Cosmoboy was sitting in Ottawa airport waiting to board a flight to Halifax when it hit (epicentre in Cumberland, Quebec, mag 5.0 at 1:45pm EST). Initially the earthquake started as a slow rumble, just like some jet engines. But it didn’t die down, instead the shaking continued and got stronger. Was it a bunch of semi’s going by or something else?
At that point I started looking for the nearest strong structure in case things really went south in a hurry. But then it began to slow down, and eventually stop. No damage, one listing plant managed to fall all the way over but that was about it.
20 seconds of drama by all accounts. Although I have to say it felt a bit longer than that.
An announcer came on and told everyone not to worry. That was just her heart beating really loudly, which gave everyone a good laugh. No doubt to soften what was coming next, namely the bad news… Our plane was going to be late because the air traffic controllers had evacuated their tower!
A bit of excitement for the day! (Update: here is the seismogram from Boston College, doesn’t look at all like things felt!)
I immediately tweeted and searched to see if anyone else was reporting the same event. They were! Tweets came in from as far south as NYC and Ohio. At that point, about 10 minutes after the quake itself, I decide to try geolocating the tweets.
Geolocation of tweets has been used for tracking anything that varies by geography (weather is useful example, but you can track pretty much anything). Although I’d heard about this before, I didn’t know where to go immediately. After trying a couple of websites I would up at www.trendsmap.com.
I typed in #tremor and not much came up. Weird. Then I tried #earthquake, and then the map got “busy”, that’s the tag people were using! Here’s the map that was created:
Of course with tweets you have no guarantee that this a good map of what was happening, but after seeing the CTV map based on USGS’s data, it doesn’t look too bad at all:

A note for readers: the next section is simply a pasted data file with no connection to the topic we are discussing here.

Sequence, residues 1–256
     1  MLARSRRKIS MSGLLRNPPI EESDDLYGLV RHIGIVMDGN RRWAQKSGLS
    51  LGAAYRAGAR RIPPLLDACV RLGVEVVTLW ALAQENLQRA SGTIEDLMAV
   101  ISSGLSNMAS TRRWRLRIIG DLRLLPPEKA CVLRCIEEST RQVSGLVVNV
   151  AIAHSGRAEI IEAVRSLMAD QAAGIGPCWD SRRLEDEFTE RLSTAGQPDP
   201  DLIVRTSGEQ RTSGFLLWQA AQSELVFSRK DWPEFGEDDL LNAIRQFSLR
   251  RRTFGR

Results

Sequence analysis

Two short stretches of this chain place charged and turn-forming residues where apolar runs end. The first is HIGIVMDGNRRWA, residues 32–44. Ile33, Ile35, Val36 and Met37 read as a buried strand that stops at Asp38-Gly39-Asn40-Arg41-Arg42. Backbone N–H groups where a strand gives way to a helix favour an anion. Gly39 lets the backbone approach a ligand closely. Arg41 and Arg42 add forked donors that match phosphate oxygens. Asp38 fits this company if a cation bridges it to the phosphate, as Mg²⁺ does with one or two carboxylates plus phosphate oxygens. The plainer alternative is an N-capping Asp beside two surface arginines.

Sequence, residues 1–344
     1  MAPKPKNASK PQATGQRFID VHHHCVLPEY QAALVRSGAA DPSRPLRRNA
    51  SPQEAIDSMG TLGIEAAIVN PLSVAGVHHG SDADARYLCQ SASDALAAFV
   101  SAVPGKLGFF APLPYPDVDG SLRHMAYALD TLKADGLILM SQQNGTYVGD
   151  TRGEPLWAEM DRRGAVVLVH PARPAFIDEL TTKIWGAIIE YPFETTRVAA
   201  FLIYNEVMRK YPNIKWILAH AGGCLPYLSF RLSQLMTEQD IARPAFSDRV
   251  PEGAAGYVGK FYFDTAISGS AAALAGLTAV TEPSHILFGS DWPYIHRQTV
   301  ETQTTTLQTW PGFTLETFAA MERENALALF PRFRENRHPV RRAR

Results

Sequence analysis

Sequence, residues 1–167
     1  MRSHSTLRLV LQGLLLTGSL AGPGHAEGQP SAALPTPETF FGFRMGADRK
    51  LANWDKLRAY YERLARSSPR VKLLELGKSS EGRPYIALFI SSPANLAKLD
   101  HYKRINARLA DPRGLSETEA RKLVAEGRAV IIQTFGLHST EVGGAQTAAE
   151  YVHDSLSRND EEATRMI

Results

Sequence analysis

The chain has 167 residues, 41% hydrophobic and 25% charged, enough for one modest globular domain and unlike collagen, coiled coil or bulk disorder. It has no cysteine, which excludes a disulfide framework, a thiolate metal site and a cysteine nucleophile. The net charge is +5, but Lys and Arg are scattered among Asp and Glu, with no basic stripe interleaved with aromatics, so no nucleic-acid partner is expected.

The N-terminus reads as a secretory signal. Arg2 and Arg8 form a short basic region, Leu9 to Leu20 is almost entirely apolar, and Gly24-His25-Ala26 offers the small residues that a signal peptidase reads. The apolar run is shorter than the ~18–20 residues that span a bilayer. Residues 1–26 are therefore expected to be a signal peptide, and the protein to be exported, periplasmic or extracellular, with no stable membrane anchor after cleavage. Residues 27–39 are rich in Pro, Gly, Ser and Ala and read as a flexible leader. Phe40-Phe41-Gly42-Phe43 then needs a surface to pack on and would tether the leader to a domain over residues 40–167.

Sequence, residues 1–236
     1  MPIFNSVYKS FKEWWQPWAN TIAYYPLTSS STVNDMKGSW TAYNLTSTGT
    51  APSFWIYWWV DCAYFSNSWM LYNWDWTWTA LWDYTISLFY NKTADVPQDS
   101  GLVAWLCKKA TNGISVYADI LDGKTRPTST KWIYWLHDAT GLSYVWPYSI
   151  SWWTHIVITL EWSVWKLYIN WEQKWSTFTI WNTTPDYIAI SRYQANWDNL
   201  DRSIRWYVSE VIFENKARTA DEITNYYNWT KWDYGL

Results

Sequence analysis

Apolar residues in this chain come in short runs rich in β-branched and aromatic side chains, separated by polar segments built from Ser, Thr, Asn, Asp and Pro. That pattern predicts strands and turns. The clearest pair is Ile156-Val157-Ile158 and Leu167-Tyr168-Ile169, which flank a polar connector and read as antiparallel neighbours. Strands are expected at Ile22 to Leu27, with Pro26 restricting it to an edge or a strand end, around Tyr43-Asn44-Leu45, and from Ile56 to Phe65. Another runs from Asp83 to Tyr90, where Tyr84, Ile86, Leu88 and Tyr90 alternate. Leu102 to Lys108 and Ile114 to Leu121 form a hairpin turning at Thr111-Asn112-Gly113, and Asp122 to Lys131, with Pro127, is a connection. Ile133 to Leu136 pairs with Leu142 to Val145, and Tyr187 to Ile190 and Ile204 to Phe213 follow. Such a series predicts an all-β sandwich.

The twitter map was pretty good!
I posted this on facebook and twitter via a bit.ly link …. Hmm… Nobody clicked on it, which I thought was kinda weird given there were so many tweets coming in. So I decided to post the image on twitpic – big difference! That was where people wanted to get their info!
It took a few minutes to do all this, so I decided to make another map and post the updated one, again on twitpic. Wow, put “updated” in a post and people flock to it. Interestingly the tweets really didn’t expand much beyond the original version, perhaps an extension out into Nova Scotia (but I couldn’t find anything about people feeling things all the way out there…) Here’s the updated map:
That was fun! It was my first experience playing with what is essentially a “mash-up” of google maps and twitter.
After getting 0n the plane to Halifax (Westjet) I put on the CTV news. Of course it was the top story! Lots of people interviewed. Thankfully not much hysteria. Lots of focusing on silly statistics like there have been quite a few earthquakes on June 23rd! OK, OK, here’s a couple more if you want to know, Peru 2001, mag 8.3, Vancouver Island, 1946 7.1.
Having spent some time living in Berkeley California, just outside San Francisco I’ve been in some tremors before. Annoyingly, in California I found that they woke me up, there again if that’s the worst thing that happened I should be thankful. But I think today’s quake was actually comparable to anything I felt while living there (not that there were any big quakes while we lived there though).
A bit of research shows Quebec is surprisingly geologically active. Today’s quake was far from the largest seen in this region. In 1935 there was a magnitude 6.1 quake, so over ten times bigger than todays. While the news agencies are saying we should look out for aftershocks, the USGS is saying these are likely to be very small.
But to put the shaking in perspective, the turbulence on my flight to Halifax was far worse than anything in the airport!